What happens when a society stops reproducing itself? Well, we’re in the early stages of finding out.
Toys R Us, otherwise known as heaven for us kids who grew up in the 80’s and 90’s, is closing all 800 of its stores’ doors. One of the nation’s largest and oldest toy retailers, the toy chain made the announcement last week.
In its annual filing, the company pointed to online competition like Amazon, as well as traditional retailers like Walmart and Target, as the major reasons for its bankruptcy. But Toys R Us (which also runs Babies R Us) cited another and much more troubling reason for its collapse: sagging birth rates.
“Most of our end-customers are newborns and children,” writes the toy chain’s management. “Our revenue [is] dependent on the birthrates in countries where we operate. In recent years, many countries’ birthrates have dropped or stagnated as their population ages.”
It’s so obvious, most people don’t even consider it. But a toy chain’s business model is dependent on, well, children. One of the reasons toy retailers are dying is because their base of small customers has become … well … too small.
The U.S. fertility rate is now at an all-time low. Some experts estimate it could be nearing 1.77 children per woman, which is well below what’s known as the “replacement rate”—or that number of babies each couple must have on average in order to keep the population from shrinking.
Little wonder, since according to a recent Pew Research poll, young Americans today are less likely to be married than any prior generation. In 1965, nearly 80 percent of “silent generation” members between 21 and 36 years old were married. Today, just 37 percent of Millennials that same age are married.
As a result, the non-immigrant population isn’t just shrinking, it’s also graying—and fast. The U.S. Census Bureau predicts that by 2035, senior citizens will outnumber children for the first time in U.S. history.
With trends like this in progress, the closing of toy stores may be merely a bellwether of further effects of low fertility to come. Smaller generations mean smaller consumer bases, which in turn mean less economic growth, and further declines in fertility.
As I explained on this program back in December, low fertility is also an unfulfilling way to live as a society. In a 2014 Pew poll, two out of five mothers nearing the end of their childbearing years said they wish they’d had more kids.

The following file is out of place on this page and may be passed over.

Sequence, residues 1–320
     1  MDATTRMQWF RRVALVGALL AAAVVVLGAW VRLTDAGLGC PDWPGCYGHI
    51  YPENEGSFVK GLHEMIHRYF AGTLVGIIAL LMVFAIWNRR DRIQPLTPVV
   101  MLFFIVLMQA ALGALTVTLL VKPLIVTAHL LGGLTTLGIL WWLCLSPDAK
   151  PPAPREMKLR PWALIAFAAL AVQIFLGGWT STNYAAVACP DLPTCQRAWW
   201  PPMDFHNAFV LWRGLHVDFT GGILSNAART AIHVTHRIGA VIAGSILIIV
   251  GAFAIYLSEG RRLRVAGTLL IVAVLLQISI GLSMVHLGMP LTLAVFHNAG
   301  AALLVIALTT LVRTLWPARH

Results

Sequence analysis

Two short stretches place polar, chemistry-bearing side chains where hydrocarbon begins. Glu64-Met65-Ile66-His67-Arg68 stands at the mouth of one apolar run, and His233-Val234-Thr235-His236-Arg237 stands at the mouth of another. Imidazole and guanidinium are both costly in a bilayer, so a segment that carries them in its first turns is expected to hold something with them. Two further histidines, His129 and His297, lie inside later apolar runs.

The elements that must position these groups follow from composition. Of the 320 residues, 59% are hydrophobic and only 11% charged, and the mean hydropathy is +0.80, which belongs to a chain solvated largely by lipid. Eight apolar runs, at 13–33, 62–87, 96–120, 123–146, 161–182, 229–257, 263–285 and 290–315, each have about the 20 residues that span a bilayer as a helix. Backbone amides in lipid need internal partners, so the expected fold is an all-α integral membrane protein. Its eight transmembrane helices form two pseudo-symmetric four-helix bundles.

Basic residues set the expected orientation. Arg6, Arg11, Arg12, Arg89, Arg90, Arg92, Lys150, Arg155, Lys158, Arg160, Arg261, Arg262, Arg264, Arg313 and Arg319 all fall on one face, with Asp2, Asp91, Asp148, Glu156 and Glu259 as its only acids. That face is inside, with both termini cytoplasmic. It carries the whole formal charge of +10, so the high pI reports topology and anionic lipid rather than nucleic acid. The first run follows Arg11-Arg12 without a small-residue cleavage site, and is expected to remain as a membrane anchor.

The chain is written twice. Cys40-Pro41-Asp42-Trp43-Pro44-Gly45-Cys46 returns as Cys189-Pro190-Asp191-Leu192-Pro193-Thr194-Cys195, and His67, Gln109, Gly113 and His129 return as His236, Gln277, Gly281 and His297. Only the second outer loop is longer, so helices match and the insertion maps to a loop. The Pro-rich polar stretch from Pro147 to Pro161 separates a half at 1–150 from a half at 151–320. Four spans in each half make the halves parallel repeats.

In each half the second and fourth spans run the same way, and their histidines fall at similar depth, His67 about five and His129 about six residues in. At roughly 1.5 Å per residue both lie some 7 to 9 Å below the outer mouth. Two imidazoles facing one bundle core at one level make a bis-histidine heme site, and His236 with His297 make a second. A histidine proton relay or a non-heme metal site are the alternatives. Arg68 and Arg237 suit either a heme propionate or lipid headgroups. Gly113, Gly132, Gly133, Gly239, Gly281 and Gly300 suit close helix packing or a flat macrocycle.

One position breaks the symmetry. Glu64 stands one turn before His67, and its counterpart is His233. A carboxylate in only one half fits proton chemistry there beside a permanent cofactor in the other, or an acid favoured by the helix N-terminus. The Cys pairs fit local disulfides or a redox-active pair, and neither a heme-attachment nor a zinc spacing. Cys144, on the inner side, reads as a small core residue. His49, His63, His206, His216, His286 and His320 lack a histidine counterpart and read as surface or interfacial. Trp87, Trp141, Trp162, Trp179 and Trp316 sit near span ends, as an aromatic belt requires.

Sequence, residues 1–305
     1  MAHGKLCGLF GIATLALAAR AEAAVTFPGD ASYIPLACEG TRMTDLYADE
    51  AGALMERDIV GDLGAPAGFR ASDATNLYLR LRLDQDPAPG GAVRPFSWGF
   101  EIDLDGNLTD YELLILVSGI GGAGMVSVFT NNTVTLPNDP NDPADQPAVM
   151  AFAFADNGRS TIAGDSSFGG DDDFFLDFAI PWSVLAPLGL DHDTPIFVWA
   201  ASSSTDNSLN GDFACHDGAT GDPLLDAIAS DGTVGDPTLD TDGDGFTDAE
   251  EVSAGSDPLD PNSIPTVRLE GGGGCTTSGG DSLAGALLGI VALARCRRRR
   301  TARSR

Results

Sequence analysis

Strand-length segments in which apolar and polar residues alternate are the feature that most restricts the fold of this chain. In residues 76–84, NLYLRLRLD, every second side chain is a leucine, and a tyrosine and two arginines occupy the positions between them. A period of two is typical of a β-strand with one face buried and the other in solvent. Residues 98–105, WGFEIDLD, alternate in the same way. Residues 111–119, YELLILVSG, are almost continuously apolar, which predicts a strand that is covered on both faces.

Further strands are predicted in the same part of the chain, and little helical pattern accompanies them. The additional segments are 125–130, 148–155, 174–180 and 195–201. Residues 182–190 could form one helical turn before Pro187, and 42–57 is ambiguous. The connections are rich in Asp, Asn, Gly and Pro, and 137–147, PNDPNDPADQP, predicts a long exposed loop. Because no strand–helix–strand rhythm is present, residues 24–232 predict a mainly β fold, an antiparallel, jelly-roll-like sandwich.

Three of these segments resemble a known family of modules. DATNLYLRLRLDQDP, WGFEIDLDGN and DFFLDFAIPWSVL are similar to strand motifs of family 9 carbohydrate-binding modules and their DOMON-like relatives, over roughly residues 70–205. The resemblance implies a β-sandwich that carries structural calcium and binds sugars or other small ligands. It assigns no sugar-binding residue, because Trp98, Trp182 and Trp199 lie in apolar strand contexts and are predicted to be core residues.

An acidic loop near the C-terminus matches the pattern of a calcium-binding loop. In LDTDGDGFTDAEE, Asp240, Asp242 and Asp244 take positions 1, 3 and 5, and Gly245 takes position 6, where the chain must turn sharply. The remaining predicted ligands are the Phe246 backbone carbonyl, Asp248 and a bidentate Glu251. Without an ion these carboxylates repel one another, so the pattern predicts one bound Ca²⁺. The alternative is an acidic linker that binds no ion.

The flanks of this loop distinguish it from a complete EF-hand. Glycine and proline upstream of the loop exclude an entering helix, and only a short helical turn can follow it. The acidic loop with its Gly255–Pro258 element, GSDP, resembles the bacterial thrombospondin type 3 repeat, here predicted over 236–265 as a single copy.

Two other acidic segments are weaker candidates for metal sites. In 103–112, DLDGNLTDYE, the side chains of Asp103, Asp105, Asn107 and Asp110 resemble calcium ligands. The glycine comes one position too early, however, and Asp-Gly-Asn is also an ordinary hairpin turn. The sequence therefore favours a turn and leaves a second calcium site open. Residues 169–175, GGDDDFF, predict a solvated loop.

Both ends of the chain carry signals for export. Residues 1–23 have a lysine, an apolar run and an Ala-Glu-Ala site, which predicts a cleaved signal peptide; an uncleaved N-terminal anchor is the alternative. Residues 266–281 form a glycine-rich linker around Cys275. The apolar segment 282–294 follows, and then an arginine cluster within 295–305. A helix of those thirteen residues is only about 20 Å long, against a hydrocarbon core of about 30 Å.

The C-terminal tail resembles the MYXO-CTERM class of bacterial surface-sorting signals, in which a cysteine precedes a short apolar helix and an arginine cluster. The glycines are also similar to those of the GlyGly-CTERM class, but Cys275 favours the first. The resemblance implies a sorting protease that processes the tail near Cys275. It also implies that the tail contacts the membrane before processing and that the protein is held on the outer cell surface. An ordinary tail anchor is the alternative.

Babies are catalysts … they lead adults to care more about the future: to save, invest, make sacrifices, and defer gratification. With fewer children, there’s less of that other-centered love that children inspire. And our already me-centered culture may yet become even more me-centered.
In fact, the consequences of long-term population decline and aging can be seen in other countries ahead of us on this downward demographic curve. For example, Japan has shrunk by over a million people since 2010. The remaining share of Japanese students and young adults face crushing financial burdens, sometimes working 16-hour days to provide for older family members and prop up the country’s entitlement system. Many young people succumb to despair; Japan has one of the highest suicide rates among school-aged children in the world.
Folks, the negative consequences of a culture that fails to see children as the blessings they really are and who view family as a second priority at best, far outweigh any short-term gains. If you couple child-free lifestyles with our society’s disregard for marriage and support for abortion, we will deprive ourselves of more than just toy stores. We’ll be depriving ourselves of a future.
John Stonestreet is President of The Chuck Colson Center for Christian Worldview and BreakPoint co-host.
G. Shane Morris is a senior writer at BreakPoint, a program of the Colson Center for Christian Worldview. He’s also written for Summit Ministries and The Christian Post, and blogs regularly at Patheos. Shane lives with his wife and three children.
Editor's Note: This piece was originally published by BreakPoint.